Aircraft Noise Tied to Heart Disease in Two Studies

Photographer: Simon Dawson/Bloomberg

A British Airways aircraft approaches Heathrow airport in London. Close

A British Airways aircraft approaches Heathrow airport in London.

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Photographer: Simon Dawson/Bloomberg

A British Airways aircraft approaches Heathrow airport in London.

Two studies linked aircraft noise to higher rates of cardiovascular disease in results that may fuel debate about the effect airports have on their neighbors.

The first study found rates of strokes and heart disease increased with people’s proximity to London’s Heathrow Airport, Europe’s busiest hub. The second found that U.S. seniors on Medicare who were exposed to the most airplane noise were also more likely to have been hospitalized for heart disease. The British Medical Journal published both papers.

Today’s research adds weight to the idea that where you put an airport doesn’t just affect neighbors’ quality of life, but also their health, Stephen Stansfeld, a psychiatry professor at Barts and the London School of Medicine, wrote in an editorial published alongside the two studies. Heathrow, in particular, has been mired in debate over how to add capacity to London’s airports.

“The results imply that the siting of airports and consequent exposure to aircraft noise may have direct effects on the health of the surrounding population,” Stansfeld wrote. “Planners need to take this into account when expanding airports in heavily populated areas or planning new airports.”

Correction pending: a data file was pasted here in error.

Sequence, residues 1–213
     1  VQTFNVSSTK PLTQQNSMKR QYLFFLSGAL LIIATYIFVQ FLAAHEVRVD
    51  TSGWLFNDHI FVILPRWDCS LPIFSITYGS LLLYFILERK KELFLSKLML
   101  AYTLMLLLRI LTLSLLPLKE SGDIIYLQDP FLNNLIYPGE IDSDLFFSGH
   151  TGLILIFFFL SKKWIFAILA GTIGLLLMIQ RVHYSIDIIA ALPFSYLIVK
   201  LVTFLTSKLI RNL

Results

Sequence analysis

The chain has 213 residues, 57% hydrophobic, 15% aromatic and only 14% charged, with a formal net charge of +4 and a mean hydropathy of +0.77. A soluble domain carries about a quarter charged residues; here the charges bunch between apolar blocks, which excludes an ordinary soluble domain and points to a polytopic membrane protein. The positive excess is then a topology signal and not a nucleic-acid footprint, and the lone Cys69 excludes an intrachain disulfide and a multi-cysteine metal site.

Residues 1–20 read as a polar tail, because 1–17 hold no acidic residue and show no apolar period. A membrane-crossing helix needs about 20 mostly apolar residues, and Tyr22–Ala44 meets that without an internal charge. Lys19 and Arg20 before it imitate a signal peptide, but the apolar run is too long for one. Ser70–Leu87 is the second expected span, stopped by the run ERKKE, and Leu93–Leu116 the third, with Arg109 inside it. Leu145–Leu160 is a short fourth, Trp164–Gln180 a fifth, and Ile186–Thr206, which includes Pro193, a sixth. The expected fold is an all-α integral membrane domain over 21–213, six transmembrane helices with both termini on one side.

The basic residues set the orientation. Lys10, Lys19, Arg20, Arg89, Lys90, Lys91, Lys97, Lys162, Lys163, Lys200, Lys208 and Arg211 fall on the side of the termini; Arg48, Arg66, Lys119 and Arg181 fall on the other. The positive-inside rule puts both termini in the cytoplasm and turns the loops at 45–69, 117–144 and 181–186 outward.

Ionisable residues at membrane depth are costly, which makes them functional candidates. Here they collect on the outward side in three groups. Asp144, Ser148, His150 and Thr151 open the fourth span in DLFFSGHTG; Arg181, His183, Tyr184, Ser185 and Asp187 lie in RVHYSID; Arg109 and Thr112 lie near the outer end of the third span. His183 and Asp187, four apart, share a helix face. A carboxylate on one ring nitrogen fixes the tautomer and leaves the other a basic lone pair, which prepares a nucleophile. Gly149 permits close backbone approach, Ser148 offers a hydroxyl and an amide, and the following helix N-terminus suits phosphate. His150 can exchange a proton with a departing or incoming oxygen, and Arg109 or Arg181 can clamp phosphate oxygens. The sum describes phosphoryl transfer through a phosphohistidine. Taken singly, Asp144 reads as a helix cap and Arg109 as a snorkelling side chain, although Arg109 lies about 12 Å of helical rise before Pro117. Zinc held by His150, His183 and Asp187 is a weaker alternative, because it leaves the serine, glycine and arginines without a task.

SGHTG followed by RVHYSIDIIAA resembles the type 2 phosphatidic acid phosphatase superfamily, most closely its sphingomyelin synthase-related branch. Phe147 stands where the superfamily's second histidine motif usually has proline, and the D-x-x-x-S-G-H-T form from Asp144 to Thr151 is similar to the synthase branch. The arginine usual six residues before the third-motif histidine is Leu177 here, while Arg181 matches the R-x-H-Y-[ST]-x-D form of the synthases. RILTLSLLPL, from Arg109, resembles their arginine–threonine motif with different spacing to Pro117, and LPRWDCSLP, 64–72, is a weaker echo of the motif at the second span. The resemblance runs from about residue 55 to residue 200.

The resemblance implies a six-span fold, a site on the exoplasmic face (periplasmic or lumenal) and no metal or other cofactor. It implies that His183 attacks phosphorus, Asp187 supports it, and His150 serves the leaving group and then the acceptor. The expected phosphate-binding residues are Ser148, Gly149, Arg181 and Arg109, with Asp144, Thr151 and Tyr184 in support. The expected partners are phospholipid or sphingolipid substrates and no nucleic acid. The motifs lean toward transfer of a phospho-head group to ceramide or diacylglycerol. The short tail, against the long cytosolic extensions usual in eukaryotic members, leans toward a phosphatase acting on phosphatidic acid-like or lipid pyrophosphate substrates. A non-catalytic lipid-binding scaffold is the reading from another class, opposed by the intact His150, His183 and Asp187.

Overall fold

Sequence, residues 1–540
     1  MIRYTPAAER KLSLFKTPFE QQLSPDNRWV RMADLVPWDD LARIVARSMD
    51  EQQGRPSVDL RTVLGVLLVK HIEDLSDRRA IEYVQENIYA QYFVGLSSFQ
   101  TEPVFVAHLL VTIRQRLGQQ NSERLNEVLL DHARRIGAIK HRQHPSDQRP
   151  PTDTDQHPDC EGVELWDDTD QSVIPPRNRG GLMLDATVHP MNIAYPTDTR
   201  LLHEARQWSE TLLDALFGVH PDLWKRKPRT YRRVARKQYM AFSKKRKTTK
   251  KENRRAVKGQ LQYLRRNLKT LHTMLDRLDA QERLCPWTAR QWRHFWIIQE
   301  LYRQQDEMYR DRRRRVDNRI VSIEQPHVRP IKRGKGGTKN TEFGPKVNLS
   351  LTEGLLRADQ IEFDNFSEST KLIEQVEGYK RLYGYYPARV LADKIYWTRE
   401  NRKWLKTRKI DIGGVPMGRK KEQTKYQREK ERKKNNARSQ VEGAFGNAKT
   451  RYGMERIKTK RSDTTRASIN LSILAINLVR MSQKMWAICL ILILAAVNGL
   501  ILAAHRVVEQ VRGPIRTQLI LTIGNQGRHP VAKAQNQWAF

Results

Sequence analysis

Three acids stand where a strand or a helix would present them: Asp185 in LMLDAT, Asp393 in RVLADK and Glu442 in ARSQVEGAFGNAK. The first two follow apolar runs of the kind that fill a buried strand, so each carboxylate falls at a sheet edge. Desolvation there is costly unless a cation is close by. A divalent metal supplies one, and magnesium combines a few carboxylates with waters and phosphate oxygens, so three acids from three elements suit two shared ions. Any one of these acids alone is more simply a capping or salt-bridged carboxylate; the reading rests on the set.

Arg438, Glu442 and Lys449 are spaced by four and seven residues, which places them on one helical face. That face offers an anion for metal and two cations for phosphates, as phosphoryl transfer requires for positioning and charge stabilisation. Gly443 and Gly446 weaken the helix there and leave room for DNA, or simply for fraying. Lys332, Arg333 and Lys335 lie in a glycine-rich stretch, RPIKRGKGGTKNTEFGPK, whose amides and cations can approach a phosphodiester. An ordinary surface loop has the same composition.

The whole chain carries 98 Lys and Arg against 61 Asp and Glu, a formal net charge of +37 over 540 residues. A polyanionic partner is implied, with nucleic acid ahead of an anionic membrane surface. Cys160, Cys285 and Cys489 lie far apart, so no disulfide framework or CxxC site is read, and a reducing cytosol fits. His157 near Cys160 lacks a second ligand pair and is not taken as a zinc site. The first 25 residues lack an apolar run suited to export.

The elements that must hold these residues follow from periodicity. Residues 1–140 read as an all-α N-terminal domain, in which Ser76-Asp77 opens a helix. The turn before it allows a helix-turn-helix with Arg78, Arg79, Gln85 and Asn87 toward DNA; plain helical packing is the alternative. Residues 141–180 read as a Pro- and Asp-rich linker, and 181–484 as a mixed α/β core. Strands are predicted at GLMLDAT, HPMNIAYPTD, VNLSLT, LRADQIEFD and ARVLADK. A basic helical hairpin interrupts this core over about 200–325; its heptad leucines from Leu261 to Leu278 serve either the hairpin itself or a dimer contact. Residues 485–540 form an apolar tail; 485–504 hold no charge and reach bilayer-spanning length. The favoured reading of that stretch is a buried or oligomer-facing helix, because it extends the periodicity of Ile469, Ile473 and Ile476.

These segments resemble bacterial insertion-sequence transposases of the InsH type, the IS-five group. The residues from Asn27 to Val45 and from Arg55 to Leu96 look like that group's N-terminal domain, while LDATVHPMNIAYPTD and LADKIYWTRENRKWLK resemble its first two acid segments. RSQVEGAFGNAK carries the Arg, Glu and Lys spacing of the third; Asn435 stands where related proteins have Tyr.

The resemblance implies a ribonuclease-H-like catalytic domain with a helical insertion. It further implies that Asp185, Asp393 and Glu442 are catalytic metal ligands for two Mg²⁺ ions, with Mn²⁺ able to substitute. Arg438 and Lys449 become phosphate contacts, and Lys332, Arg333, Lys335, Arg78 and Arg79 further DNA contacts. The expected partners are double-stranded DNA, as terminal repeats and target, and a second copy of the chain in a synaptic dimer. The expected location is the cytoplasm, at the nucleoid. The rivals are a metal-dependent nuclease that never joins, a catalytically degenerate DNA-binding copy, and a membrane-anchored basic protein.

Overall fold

Heathrow handled 70 million passengers last year. London Mayor Boris Johnson has said he’ll block any expansion around the airport -- which is surrounded by densely populated neighborhoods -- in favor of a new hub in the River Thames estuary.

Noise Levels

The BMJ’s Heathrow study looked at 3.6 million people who lived in 12 London boroughs and nine districts west of London, using Civil Aviation Authority aircraft noise models from 2001 and hospital admissions data from 2001 to 2005 to draw a comparison. Researchers said they took ethnicity, social deprivation and smoking into account, using lung cancer deaths as a proxy to help determine smoking rates.

About 2 percent of the population the London researchers studied lived in the area with the highest level of noise -- more than 63 decibels in the daytime or more than 55 decibels at night-time. By way of comparison, that’s within the range of laughter or normal conversation, according to the National Institutes of Health.

Those living in the noisiest, 63-decibel-plus areas were 24 percent more likely than people living in areas with noise levels of 51 decibels or fewer to be hospitalized because of stroke and 14 percent more likely to be hospitalized because of cardiovascular disease, the researchers said.

The U.K. study was conducted by the U.K. Small Area Health Statistics Unit and funded by Public Health England and the U.K. Medical Research Council, with support from the European Network for Noise and Health.

The U.S. study was funded by the Federal Aviation Administration.

To contact the reporter on this story: Naomi Kresge in Berlin at nkresge@bloomberg.net

To contact the editor responsible for this story: Phil Serafino at pserafino@bloomberg.net

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